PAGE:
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Comedy Teacher Resources
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This lesson plan will focus on the aspects of Shakespeare's comedy that become more evident in performance. By viewing clips of the same Shakespeare scene in different film versions, high schoolers have the opportunity to engage in a close critical analysis and to compare the play to its film version.
What is your favorite movie genre? Help your intermediate English language learners by providing them with book and movie related vocabulary. At the top of the page is a list of vocabulary terms like cartoon, comedy, war story, and publisher. Four fill-in-the-blank exercises follow. Answers are not included.
Film analysis takes critical thinking, connections, and context. Upper graders look at the film installation, Crystal Palace in terms of the film makers choices, presentation, and perspective of truth. After an analytical discussion of the film, kids take images of their urban landscape, then crop and alter them to create abstractions of their personal realities.
When would two paws up denote a blockbuster film in your classroom? Only when young writers create movie reviews from a pet's perspective in this imaginative expository writing practice. This engaging topic begins with a class discussion to brainstorm and list the criteria for a good movie. The procedure follows with the reading of a model pet movie review of a fictional remake of Goldilocks and the Three Bears by two off-beat iguanas, Eggbert and Delbert, from the workbook Lights, Camera, Woof! Writing for Pet Entertainment Television. Precise language, supporting evidence, a strong voice, and ability to persuade are targeted skills developed through pre-writing questions. Shared responses in both human and pet voices provide a platform for drafting teacher models that can be reviewed with the included criteria chart. Finish with a class assessment that uses close-reading strategies of highlighting effective text elements. While written primarily for use by middle school students, the activity can be adapted to younger grades by making expectations developmentally appropriate.
The New York Times Learning Network provides the resources that permit pupils to examine and then write and perform a fake news broadcast in the vein of “The Daily Show” or “Saturday Night Live” Weekend Update. The generated reports should reflect the class’s knowledge of understanding of both the genre of news satire and people and topics in the news.
Examine the research process and how to determine the credibility of sources. The class watches biographical and historical films before researching facts about the time period, events, and persona that are depicted in the films. This project culminates in a written and oral presentation.
Students begin the instructional activity by reading a book on film study. After watching the movie "Citizen Kane", they work together to identify the issues concerning the United States before World War II. As a class, they discuss how the ideas and views of the directors make their way into a film.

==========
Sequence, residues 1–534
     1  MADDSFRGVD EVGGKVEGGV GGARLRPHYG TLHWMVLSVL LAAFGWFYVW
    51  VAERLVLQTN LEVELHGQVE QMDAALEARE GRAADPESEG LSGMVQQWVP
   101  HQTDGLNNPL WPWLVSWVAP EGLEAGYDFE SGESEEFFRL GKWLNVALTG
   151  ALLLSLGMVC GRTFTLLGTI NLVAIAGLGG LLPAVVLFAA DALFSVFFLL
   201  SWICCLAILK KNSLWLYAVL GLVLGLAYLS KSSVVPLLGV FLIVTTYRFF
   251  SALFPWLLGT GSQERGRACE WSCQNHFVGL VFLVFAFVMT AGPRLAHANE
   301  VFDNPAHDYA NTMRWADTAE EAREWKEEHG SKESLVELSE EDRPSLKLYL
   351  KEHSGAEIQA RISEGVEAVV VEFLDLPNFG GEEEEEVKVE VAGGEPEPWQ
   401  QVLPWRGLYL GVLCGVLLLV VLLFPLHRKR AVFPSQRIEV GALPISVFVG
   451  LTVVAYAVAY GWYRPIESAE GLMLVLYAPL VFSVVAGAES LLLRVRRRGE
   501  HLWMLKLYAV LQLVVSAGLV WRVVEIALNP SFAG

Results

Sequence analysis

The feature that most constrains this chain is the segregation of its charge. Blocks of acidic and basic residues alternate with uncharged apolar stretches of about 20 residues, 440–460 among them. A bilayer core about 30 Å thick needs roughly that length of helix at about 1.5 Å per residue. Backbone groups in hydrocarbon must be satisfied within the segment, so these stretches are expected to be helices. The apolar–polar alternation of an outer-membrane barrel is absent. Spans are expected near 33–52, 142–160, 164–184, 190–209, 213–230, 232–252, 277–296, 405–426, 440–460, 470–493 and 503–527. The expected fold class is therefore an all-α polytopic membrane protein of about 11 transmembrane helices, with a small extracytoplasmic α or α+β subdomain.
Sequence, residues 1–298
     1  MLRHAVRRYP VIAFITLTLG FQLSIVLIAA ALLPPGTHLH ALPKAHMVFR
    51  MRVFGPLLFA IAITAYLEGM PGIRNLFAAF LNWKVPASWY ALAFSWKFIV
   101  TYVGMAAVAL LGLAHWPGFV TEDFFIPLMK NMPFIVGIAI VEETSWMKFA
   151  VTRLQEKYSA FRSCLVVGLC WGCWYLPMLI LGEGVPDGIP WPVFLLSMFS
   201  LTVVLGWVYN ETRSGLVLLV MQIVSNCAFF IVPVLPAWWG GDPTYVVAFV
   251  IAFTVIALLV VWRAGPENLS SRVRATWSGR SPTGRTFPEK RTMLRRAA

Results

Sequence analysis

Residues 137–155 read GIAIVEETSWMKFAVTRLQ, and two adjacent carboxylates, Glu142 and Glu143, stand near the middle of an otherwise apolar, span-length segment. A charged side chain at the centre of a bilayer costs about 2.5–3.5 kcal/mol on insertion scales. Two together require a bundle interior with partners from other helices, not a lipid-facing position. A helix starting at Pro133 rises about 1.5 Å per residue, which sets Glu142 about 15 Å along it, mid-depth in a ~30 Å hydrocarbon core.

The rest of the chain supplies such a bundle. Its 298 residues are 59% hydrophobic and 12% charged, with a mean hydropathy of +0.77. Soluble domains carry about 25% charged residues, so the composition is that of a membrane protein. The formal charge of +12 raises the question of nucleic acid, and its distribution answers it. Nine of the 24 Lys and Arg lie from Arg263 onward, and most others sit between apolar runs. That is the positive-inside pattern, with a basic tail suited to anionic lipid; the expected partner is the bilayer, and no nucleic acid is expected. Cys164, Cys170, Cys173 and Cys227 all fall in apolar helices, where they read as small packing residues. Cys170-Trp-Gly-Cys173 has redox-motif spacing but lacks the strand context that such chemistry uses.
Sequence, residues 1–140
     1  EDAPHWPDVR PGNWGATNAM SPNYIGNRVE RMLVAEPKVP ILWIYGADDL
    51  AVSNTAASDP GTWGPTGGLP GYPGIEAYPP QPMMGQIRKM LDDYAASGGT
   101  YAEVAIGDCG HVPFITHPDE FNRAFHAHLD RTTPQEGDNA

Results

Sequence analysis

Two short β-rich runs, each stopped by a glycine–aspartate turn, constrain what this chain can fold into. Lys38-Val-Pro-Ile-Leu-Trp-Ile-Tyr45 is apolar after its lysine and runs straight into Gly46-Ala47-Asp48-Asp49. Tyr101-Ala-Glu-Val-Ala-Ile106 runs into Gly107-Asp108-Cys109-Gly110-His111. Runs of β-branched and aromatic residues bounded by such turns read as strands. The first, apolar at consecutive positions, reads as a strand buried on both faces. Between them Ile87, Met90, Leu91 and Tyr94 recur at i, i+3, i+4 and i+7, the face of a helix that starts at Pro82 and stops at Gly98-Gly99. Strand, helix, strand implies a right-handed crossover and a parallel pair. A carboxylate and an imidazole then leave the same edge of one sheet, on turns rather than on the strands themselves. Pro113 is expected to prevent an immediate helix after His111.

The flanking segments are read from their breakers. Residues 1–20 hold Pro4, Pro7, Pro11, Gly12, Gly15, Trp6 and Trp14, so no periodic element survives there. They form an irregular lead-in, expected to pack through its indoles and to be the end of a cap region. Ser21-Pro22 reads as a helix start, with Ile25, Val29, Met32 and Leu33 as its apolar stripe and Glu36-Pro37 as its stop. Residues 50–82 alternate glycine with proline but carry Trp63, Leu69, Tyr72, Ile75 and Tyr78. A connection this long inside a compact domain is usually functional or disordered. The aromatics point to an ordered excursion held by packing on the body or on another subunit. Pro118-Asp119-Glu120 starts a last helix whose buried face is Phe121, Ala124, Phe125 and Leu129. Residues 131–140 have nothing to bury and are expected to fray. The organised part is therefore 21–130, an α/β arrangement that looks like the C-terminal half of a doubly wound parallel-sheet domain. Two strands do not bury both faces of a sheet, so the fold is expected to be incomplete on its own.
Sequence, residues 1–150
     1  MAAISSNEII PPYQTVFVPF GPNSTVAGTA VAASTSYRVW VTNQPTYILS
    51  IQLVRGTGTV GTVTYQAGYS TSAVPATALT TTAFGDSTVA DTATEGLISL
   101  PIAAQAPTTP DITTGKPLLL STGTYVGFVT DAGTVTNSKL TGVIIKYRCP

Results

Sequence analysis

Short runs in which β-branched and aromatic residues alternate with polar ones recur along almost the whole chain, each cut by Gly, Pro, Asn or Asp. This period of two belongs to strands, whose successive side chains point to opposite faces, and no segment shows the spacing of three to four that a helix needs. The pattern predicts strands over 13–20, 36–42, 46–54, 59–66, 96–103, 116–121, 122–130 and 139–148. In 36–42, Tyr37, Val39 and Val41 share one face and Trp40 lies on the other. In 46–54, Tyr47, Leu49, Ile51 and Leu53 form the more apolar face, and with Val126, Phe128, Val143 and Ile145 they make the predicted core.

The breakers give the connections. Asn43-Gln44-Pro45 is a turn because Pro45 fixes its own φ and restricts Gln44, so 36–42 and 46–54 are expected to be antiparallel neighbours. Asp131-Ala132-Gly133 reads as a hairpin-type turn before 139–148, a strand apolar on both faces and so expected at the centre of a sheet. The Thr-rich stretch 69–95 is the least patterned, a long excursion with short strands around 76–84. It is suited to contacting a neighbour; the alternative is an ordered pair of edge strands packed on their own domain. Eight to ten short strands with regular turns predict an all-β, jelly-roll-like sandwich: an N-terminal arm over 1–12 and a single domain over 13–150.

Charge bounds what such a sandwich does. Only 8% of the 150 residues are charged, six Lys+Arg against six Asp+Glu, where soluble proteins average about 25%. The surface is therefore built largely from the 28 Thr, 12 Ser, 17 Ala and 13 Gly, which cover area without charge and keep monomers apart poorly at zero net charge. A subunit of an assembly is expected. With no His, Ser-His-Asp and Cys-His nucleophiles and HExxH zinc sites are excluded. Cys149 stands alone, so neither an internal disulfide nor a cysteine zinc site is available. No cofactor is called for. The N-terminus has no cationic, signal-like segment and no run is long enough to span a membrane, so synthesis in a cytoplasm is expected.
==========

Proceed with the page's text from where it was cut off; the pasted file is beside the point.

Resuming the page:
In this Shakespeare Film Clip learning exercise, students list main ideas in the play, important images and motifs, and chose at least six main scenes or quotes that relate to the theme. Students then discuss what is complex or contradictory or nuanced about the ideas represented in their filmclip.
What is a talkie? I bet most of your class doesn't even know that movies used to come in two colors, black and white. Help them explore the wonders of film history through a group research project. Each small group will research a different decade of film production. They'll use their findings to create a whole-class timeline comprised of each group's decade of research. The lesson is intended to be used with the book Wonderstruck, but works great without the context of the book.
Students view examples of images and discuss why a director or writer chose these images. Using different forms of media, they develop their own standards by which to judge television or films. They discover the use of visual literacy as a skill to interpret images that surround them.
This learning experience fosters awareness of representations we see, and don't see, in the media. Learners list TV programs, games, and films they enjoy, identify characters' ethnic, religious, (dis)ability, and sexual orientation status, assess whether what they see accurately represents where they live, and discuss equity or the lack of it in the media. Sourced from Canada, where the broadcast industry has set voluntary standards to promote equity in the media. With graphic organizers.
Students examine the contributions of a few African American actors. After watching different films, they work together to recreate the film and the struggles faced by the actors. In groups, they compare and contrast the acting style of the different actors. To end the lesson, they identify the stereotypes used in films to represent African Americans.